The first thing you should probably ask yourself is, where does your character come from?

Stereotype alert: The following are simplified Tropes for example only, but they do lend to how varied and wide the personalities and backgrounds of the people in the West were.
Is he a recent immigrant to the country? He's not going to have a Texas twang. He'll probably still have a heavy accent from his homeland.

Is he a fur trapper who spends most of his time up North? Maybe he swears in French?

A rich rancher's son with a higher education?

Has he spent a lot of time in the Southeast, and appropriated a bit of Spanish in his speech?

Is he a well bred, well spoken, gentleman from the East or the South? He'll likely have fine manners as well as speech.

Or is he a lawless ruffian who has to travel from nowhere to nowhere because he has no manners at all?

If all of the characters sound the same, and talk like they've sustained massive head injuries, there's definitely going to be a problem with believability, not just readability. ;)

Jamesaritchie
03-20-2012, 02:03 AM
I loved reading Zane Grey and Louis La'Amour as a kid, but I don't miss the heavy use of dialect.. ;)

Zane Grey uses some moderately heavy accent and dialect, primarily because of when the novels were written, but nothing to the extent the poster displayed. Louis L'Amour uses very little, and does so just about perfectly.

roseangel
03-20-2012, 05:00 AM
I wouldn't exactly use a story published in 1895 to represent the genre, shouldn't you be checking out more recent westerns?

padnar
03-20-2012, 07:56 AM
Thanks for your great answers . I especially would like to thank Wicked for your tips. I am a member of this competition group here and I am an indian writer .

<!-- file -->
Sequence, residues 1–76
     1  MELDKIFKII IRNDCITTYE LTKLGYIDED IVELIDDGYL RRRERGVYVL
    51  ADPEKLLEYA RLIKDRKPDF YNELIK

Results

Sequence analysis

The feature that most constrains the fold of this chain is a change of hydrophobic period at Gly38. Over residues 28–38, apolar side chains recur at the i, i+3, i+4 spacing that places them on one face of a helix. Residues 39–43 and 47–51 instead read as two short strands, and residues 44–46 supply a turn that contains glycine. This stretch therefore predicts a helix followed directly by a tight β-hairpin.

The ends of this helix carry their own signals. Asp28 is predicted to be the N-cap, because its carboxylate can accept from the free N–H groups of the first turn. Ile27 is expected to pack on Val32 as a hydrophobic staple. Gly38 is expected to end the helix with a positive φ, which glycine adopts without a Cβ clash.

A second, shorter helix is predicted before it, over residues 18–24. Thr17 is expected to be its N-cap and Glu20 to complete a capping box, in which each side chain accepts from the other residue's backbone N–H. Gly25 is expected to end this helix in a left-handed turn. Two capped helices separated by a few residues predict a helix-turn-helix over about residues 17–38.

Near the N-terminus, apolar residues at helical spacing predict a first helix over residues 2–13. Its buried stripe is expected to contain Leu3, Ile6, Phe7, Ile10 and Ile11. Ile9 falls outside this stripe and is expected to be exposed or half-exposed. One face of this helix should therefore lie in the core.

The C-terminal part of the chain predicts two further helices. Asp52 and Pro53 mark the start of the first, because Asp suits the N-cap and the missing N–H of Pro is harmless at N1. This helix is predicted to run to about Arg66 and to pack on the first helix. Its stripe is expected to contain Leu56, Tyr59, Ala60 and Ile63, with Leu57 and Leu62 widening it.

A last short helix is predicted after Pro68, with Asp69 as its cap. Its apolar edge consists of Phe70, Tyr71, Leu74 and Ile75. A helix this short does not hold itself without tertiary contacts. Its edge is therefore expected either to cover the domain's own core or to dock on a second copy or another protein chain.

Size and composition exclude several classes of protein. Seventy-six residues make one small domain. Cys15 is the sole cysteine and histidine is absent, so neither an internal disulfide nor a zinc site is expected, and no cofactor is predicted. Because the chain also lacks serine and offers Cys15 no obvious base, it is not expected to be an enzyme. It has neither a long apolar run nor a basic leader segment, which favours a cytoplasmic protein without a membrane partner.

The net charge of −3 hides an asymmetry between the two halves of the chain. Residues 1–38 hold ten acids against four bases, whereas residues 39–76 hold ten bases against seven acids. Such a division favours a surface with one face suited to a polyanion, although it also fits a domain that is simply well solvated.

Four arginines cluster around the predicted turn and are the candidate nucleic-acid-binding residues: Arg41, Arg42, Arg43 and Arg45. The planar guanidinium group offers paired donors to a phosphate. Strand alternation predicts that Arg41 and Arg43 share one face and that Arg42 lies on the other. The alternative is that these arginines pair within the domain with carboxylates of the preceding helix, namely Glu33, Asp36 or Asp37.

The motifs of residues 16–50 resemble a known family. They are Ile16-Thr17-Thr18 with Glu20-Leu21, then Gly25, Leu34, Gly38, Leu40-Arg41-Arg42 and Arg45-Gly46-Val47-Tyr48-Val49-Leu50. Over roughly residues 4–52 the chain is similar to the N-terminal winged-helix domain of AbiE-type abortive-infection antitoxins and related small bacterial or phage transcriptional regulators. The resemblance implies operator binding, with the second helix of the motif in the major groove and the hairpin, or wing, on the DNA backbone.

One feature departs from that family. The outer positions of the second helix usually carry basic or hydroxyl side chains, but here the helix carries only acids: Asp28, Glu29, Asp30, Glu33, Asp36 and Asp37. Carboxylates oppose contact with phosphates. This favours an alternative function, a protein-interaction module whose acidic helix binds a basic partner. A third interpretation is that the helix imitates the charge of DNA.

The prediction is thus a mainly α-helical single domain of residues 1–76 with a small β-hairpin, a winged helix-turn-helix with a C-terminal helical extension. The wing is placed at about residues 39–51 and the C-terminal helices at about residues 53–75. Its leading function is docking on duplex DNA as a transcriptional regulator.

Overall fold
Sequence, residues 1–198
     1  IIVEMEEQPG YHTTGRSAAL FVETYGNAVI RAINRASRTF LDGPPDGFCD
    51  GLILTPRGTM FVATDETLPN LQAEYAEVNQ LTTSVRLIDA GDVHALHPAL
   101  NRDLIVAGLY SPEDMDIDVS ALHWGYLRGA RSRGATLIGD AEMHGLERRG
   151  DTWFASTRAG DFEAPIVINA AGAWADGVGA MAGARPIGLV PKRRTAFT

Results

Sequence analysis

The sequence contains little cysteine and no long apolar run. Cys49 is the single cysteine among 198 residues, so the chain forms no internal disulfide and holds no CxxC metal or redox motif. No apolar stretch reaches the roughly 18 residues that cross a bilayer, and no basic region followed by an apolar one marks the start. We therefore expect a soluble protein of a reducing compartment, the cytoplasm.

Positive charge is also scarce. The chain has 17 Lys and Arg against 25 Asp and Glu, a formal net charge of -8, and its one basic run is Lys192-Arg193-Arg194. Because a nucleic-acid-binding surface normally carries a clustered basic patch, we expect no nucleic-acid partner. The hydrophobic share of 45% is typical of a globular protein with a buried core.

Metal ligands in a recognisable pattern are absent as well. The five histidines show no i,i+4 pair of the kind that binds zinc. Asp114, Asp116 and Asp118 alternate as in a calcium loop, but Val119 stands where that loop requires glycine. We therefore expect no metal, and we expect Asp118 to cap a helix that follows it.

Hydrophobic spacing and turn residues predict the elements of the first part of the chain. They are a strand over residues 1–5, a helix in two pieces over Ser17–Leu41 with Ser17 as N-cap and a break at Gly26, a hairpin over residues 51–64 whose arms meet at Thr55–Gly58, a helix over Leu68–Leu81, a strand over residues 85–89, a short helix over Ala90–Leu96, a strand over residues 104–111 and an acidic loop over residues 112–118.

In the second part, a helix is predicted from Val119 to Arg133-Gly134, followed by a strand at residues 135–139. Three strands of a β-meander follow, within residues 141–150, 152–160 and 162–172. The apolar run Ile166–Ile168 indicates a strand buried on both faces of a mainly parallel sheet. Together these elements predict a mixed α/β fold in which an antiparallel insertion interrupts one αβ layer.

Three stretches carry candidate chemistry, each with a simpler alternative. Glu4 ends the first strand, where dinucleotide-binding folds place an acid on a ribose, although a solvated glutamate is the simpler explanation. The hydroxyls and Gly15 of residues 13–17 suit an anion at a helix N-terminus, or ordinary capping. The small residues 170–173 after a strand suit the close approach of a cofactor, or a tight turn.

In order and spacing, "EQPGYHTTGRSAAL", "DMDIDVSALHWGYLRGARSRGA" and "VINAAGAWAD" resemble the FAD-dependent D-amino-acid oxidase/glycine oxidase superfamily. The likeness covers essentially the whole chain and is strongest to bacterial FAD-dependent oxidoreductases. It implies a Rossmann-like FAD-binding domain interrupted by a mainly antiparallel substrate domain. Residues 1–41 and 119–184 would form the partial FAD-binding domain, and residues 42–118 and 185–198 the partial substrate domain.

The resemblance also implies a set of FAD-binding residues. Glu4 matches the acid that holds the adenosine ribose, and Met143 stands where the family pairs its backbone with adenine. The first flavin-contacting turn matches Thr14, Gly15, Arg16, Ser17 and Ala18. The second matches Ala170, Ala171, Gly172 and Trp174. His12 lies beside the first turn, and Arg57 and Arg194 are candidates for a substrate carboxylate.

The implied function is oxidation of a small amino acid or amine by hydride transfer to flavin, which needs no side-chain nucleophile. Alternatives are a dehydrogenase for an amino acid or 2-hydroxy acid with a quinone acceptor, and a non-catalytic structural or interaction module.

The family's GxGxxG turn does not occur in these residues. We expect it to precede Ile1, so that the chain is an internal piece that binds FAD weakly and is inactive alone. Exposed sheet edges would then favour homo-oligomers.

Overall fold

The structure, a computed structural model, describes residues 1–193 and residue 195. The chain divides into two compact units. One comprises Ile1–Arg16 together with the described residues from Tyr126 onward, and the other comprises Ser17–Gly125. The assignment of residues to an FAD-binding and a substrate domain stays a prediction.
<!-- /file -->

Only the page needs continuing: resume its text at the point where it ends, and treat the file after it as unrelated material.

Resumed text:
As I am intersted in improving myself I thought to give it a go. The topic is mystery westerner.
I want to know ,how to make my writing a bit more western. Pl suggest some books and thanks

blacbird
03-20-2012, 08:20 AM
I am interested in becomimg a better writer . so I joined the contest group .
The competition is western mystery . I have got a question.
While reading western books I found this style
"I don't want you fightin', boy, I've told ye. Y'u air too little 'n' puny, 'n' I want ye to stay home 'n' take keer o' mam 'n' the cattle-ef fightin' does come, I reckon thar won't be triuch."
It would be helpful How to write this style and thanks for all your suggestions

Don't. Just don't. In the earliest days of Western novels, this kind of prose was all the rage, but dagone it, it ain't no more.

Go read The Ox-Bow Incident, by Walter Van Tilburg Clark, my nominee for the finest Western novel ever written, and take that as your inspiration.

caw

Jamesaritchie
03-20-2012, 06:47 PM
Thanks for your great answers . I especially would like to thank Wicked for your tips. I am a member of this competition group here and I am an indian writer .
As I am intersted in improving myself I thought to give it a go. The topic is mystery westerner.
I want to know ,how to make my writing a bit more western. Pl suggest some books and thanks

I think the best mystery westerns out there are those by Tony Hillerman.

His protagonists are Joe Leaphorn and Jim Chee, who are Navajo tribal police.

I'm sure there are other mystery westerns out there, but these are my favorites, and the ones that come into my thoughts first.

Dave Hardy
03-21-2012, 01:48 AM
Doing good Western dialog is tricky. The faux-Appalachian dialect is pretty grating to a lot of people. Droppin' a "G" now and again won't put 'em off too much.

More seriously, I look at how Ambrose Bierce and Mark Twain wrote, and how they wrote dialog that mixed Victorian formality with the common speech of average Americans. Not a whole lot of authors have successfully emulated that. If I had to pick writers that did a good job with that, I'd suggest Thomas Berger's Little Big Man and Charles Portis's True Grit.

As others have noted, the West was full of a great diversity of people, educated folks, country yokels, self-taught people, Easterners, Southerners, Missourians, French Canadians, guys who'd had their tongues cut out, Mexicans, Indians, immigrants from Ireland, Germany, China, and everywhere else. Reducing this oddly cosmopolitan frontier to a hillbilly parody strikes me as a waste of good potential.

TheMist
05-06-2012, 03:31 PM
I can't make out what he is saying! At first it sounds right but then I struggle to read. I would say watch a western movie and listen how they talk and then write that way...